Q1: The next one-round presidential election will take place on November 28th, 2011 in the Democratic Republic of Congo. The World Day of Press, which took place on May 3rd, 2011, brought together professionals with experience and an interest in media. In your opinion, how important are journalists’ role in the electoral process?
Regarding the media, I think that the Democratic Republic of Congo has made great progress. We have a very liberal press, and a considerable number of daily newspapers and TV channels, allowing the majority as well as the opposition, to freely express themselves. Concerning this link with the celebration of the World Day of Press, it is obvious proof that our media is organized. It corresponds to a quite remarkable professional confederation, and journalists attend all kinds of events without distinction, whatever the party is. From this I believe that we have reached a level of press liberty that you cannot find in other countries, even those who claim to be democratic.
Q2: You mentioned in your lecture that only 32 % of Congo citizens live in cities and thus have internet access. What could the development of the internet bring to your country?
Social media can do a great deal, but only if the population is educated to select and use the information the find on the internet in a clever way. So the education of our citizens is the first priority and an appreciation of the importance of social Media in a second step. Since independence, up until the 90’s we had very good schools and universities. Unfortunately, in 1994, our neighbour countries faced political problems, and the refugees came to Congo, based on the decision made by the International Community. They are still there today, and are the basis of several problems: exactions, massacres, robberies, rapes. This region is very important for tourism, and these difficulties give an unfortunately a bad image to DRC. We have the hope that with the elections happening in our neighbouring countries, pushing towards democracy, the refugees will have the courage to go back to their native country, leaving us in peace. So for that, we need the help of the International Community that is now silent on this problem. We still have the MONUSCO, the United Nations Organization Stabilization Mission in the Democratic Republic of the Congo, that is doing an admirable work, but this is not sufficient.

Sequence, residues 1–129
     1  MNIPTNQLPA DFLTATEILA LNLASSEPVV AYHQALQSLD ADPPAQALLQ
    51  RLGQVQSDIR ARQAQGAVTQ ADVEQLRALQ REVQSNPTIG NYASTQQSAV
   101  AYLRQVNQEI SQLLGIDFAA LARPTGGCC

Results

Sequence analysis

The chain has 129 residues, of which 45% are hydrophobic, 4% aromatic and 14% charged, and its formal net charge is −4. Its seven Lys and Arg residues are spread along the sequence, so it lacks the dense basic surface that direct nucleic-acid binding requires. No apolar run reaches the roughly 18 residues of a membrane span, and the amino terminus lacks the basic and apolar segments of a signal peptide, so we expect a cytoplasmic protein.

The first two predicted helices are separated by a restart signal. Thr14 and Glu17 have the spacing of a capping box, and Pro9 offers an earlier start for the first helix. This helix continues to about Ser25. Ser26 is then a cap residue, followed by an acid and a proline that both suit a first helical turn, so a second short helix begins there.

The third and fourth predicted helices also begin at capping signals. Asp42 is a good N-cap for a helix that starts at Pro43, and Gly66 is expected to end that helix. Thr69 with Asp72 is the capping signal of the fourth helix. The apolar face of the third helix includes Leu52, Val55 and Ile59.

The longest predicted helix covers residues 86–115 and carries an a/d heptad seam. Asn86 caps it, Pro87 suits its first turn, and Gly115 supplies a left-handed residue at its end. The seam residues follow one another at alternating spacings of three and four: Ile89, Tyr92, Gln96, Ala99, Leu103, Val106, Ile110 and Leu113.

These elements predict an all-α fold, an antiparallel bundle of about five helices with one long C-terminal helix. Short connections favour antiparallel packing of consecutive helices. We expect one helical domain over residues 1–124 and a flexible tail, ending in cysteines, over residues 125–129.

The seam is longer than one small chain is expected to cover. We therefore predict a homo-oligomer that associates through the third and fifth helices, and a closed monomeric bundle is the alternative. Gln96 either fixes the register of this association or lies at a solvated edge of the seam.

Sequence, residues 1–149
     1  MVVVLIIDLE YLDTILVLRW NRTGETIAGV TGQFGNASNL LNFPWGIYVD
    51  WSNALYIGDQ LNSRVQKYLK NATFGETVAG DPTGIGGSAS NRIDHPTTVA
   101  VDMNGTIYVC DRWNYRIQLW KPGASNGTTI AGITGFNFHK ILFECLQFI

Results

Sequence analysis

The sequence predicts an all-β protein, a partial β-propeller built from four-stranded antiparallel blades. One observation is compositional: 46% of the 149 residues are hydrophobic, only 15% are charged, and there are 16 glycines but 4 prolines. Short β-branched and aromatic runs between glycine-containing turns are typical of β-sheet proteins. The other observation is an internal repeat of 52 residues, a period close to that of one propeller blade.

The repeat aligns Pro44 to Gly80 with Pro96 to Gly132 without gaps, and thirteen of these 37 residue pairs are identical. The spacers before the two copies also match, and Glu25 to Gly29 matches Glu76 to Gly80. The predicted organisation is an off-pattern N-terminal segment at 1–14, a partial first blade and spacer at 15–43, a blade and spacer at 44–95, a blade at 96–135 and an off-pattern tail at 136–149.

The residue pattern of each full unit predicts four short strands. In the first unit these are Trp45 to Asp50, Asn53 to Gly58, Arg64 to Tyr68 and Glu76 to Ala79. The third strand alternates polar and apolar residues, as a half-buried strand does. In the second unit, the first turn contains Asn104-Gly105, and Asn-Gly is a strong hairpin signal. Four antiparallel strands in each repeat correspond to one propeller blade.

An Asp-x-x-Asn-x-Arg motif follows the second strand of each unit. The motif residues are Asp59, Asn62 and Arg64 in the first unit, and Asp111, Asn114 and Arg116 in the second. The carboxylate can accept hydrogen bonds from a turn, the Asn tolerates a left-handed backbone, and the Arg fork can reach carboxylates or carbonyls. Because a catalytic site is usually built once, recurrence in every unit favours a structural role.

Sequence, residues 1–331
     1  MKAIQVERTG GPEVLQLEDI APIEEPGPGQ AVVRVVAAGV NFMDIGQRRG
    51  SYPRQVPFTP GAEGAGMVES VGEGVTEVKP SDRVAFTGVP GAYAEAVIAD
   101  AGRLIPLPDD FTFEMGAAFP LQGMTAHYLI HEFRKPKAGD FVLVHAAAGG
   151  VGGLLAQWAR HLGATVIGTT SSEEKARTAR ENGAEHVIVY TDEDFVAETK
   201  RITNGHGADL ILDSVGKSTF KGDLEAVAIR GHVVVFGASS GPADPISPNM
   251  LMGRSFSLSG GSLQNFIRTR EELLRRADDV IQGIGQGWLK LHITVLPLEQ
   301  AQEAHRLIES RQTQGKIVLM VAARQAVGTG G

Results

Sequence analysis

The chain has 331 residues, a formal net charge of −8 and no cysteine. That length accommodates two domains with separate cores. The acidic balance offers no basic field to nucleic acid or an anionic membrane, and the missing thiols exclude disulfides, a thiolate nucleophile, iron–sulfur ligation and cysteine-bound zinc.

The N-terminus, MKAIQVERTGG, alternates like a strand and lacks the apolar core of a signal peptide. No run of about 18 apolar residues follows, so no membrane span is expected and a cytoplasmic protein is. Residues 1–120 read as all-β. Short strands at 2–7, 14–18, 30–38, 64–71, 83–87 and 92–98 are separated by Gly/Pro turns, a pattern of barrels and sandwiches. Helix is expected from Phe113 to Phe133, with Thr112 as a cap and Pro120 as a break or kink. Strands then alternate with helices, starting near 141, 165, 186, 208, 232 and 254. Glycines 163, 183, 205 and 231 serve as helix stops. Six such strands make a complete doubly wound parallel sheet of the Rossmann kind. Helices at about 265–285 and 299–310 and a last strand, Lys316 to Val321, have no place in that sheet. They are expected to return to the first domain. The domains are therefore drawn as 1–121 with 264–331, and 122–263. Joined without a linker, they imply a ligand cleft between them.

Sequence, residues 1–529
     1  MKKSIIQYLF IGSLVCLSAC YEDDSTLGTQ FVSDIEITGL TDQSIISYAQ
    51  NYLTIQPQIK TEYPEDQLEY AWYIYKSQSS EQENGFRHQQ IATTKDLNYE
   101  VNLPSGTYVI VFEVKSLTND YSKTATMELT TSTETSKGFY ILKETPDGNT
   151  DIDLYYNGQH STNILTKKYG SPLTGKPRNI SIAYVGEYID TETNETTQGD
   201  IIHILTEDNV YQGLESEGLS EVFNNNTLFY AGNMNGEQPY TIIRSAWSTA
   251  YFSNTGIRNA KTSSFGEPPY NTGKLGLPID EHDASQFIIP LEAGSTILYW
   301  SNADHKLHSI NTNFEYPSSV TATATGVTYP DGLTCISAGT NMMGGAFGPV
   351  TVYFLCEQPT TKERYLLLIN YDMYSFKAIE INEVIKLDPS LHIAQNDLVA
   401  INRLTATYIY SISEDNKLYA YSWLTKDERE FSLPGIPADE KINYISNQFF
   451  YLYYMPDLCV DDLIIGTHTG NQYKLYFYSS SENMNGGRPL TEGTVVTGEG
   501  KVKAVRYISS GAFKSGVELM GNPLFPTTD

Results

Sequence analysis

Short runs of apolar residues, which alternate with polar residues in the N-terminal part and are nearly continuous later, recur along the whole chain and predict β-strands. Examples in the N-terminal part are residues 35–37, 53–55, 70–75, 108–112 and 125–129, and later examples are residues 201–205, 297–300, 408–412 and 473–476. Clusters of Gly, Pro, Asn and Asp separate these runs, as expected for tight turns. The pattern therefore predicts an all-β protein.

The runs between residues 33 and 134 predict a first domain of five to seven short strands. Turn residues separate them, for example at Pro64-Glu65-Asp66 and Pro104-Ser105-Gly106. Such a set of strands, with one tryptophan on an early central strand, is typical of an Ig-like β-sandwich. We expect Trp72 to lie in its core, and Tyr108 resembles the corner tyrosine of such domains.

Q3. The United Nations organization MONUSCO emphasizes protection of DRC civilians against armed groups. Do you think that soft power is a method which can be used to achieve these ends?
It depends. The situation we are in necessitates an urgent solution. Soft power is a tool that needs time to be effective; because we have to negotiate, we have to understand each other, and to agree on a certain number of facts. But regarding this question of refugees from Rwanda, Ugandan and Burgundy who are in Congo, I think that soft power is not enough. Another way is necessary, a harder one. I would not dare to recommend hard power; it would be too strong, but something close to it. Harshness is necessary to resolve these problems because the collateral damages are huge and unacceptable for civil population, especially women and children. We cannot anymore, in the twenty first century, deal with problems that started in twentieth century.
Q4. During your lecture, you spoke about music as a soft power tool between different ethnic groups in your country. How is that visible?
In Congo, we have 400 ethnic groups, corresponding to 350 dialects. So without music or sport, it would be hard to communicate. Because through music, that is usually sung in the four main dialects, people manage to communicate cultural, educative or political messages. People use the different national languages for their political campaigns. When you know at least these four languages, you can travel all around in the very large country that is the Congo; covering roughly 2,345,000 square meters, five times the size of France, eighty times the size of Belgium and four and a half times the size of Germany.
Q5. You contributed to the writing of a book which focuses on women in the process of development of your country. Could you tell us more about what women could bring to the Democratic Republic of Congo?
In my country, like in all societies, the woman has a very important place. She is really the mother of the party. She is at the basis of education, it’s her who gets up in the morning to work, and makes sure that the children eat and go to school. The statistics show that she is the most resistant, the one who stabilizes Congolese society, through all aspects.
Interview conducted by Claire Boudon & Letizia Binda-Partensky
Center for Cultural Diplomacy Studies Publication
Institute for Cultural Diplomacy